I distinctly remember when Maggy, Sharon, and I celebrated the first anniversary of Three Many Cooks. I remember our second and third one too. But when I woke up yesterday morning to friends and colleagues on Linkedin congratulating me on our five-year anniversary, I was pleasantly surprised, because it coincided with another big event for the three of us: the near publication (and pre-order status!) of our first book, Three Many Cooks: One Mom, Two Daughters: Their Shared Stories of Food, Faith, and Family. You can pre-order from any of the following: Amazon, Barnes & Noble, and Indiebound.
It was two years ago when Maggy, Sharon, and I first proposed this book. We wanted to share the story of how our special mother/daughter bond was cemented. It was not in the splashy bashes and big family celebrations but in the ordinary moments we took time for. Our book would feature these moments—apple picking, raking leaves, the day after Thanksgiving.
There would be recipes of course, but we wanted stunning photography too. And when we started pulling together our recipe list, we couldn’t resist telling the backstories too. We ended up turning in an everything-but-the-kitchen-sink proposal—equal parts celebration, recipes, photography, and memoir. We knew we had packed a lot into this document, but we hoped for an editor with vision.
There was interest for sure. Some publishers wanted to highlight the special moments. Others wanted to focus on the recipes. Still others envisioned a real looker of a book. Nothing really felt like us.
When Pamela Cannon at Ballantine Books told us to tear up our proposal and just start writing we knew she was right. From the start, Three Many Cooks has always been about the stories. The first couple of years of blogging, our recipes were simply woven into our stories.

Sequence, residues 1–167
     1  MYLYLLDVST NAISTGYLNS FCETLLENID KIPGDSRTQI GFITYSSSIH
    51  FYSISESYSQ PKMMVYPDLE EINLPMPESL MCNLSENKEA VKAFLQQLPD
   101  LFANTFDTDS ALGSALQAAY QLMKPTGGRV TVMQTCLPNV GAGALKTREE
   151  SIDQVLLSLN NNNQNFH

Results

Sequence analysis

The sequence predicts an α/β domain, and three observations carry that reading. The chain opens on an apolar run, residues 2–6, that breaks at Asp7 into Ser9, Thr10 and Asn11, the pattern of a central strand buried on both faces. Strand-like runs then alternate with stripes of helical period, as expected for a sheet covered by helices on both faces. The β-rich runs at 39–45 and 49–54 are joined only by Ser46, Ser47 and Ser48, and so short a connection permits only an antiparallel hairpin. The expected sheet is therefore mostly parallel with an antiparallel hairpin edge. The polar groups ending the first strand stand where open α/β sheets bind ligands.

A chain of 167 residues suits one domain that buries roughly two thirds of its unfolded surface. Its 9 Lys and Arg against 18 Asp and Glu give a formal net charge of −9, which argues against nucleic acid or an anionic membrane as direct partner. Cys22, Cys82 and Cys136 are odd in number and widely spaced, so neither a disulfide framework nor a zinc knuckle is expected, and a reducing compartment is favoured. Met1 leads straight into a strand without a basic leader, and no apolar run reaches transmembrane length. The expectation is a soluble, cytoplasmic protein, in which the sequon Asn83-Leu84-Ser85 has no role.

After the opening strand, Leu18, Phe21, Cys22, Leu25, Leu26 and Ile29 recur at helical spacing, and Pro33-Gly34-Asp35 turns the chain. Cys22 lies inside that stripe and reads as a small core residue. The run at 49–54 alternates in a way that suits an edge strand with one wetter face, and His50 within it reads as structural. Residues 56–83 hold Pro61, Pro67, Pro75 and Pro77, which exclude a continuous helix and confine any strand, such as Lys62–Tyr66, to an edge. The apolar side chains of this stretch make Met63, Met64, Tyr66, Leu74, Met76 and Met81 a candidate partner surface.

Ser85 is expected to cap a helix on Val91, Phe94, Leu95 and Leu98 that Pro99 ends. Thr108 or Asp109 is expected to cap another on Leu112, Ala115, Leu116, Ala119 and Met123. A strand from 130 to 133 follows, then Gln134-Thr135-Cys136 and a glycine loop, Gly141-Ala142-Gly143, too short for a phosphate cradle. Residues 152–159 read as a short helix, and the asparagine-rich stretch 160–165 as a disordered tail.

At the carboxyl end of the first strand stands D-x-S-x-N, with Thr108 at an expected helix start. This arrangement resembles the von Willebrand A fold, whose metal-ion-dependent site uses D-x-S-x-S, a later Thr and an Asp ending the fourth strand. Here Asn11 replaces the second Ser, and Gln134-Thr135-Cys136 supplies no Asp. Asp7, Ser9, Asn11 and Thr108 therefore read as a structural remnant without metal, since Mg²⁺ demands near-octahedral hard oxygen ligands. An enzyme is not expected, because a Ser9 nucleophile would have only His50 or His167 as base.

When Pamela suggested we “just starting writing,” I was nervous. Having never written a book without an outline or structure, not even a recipe from which to tell a story, I couldn’t believe I could do this.
But then my dad died and I ended up buying a piece of sinker cypress pulled from the creek where he and I used to fish. That was a fish tale I could tell. Maggy started writing about her time in Malawi building a maternity clinic, and the story always circled back to the African meals she was served and the ones she cooked for her curious new friends. Sharon took on some weighty topics—how her faith had little meaning beyond sharing bread, and how Zen-like acceptance was helping her deal with her full-figure thighs.
With three of us writing independently we had no idea how this book was going to hang together. But as we laid our stories on the table we saw clear patterns and themes. We turned it in, got some feedback, and spent another couple of months tightening the themes, fleshing out the good stories, and telling the hard truths too.
We’ve got a book we’re proud of. There are recipes—the “best of” our combined years in the kitchen—but it’s the stories behind those recipes we think you’ll really love. If your appetite is whetted, you can pre-order!
Barnes & Noble
Maggy, Sharon and I look forward to meeting you around the kitchen counter.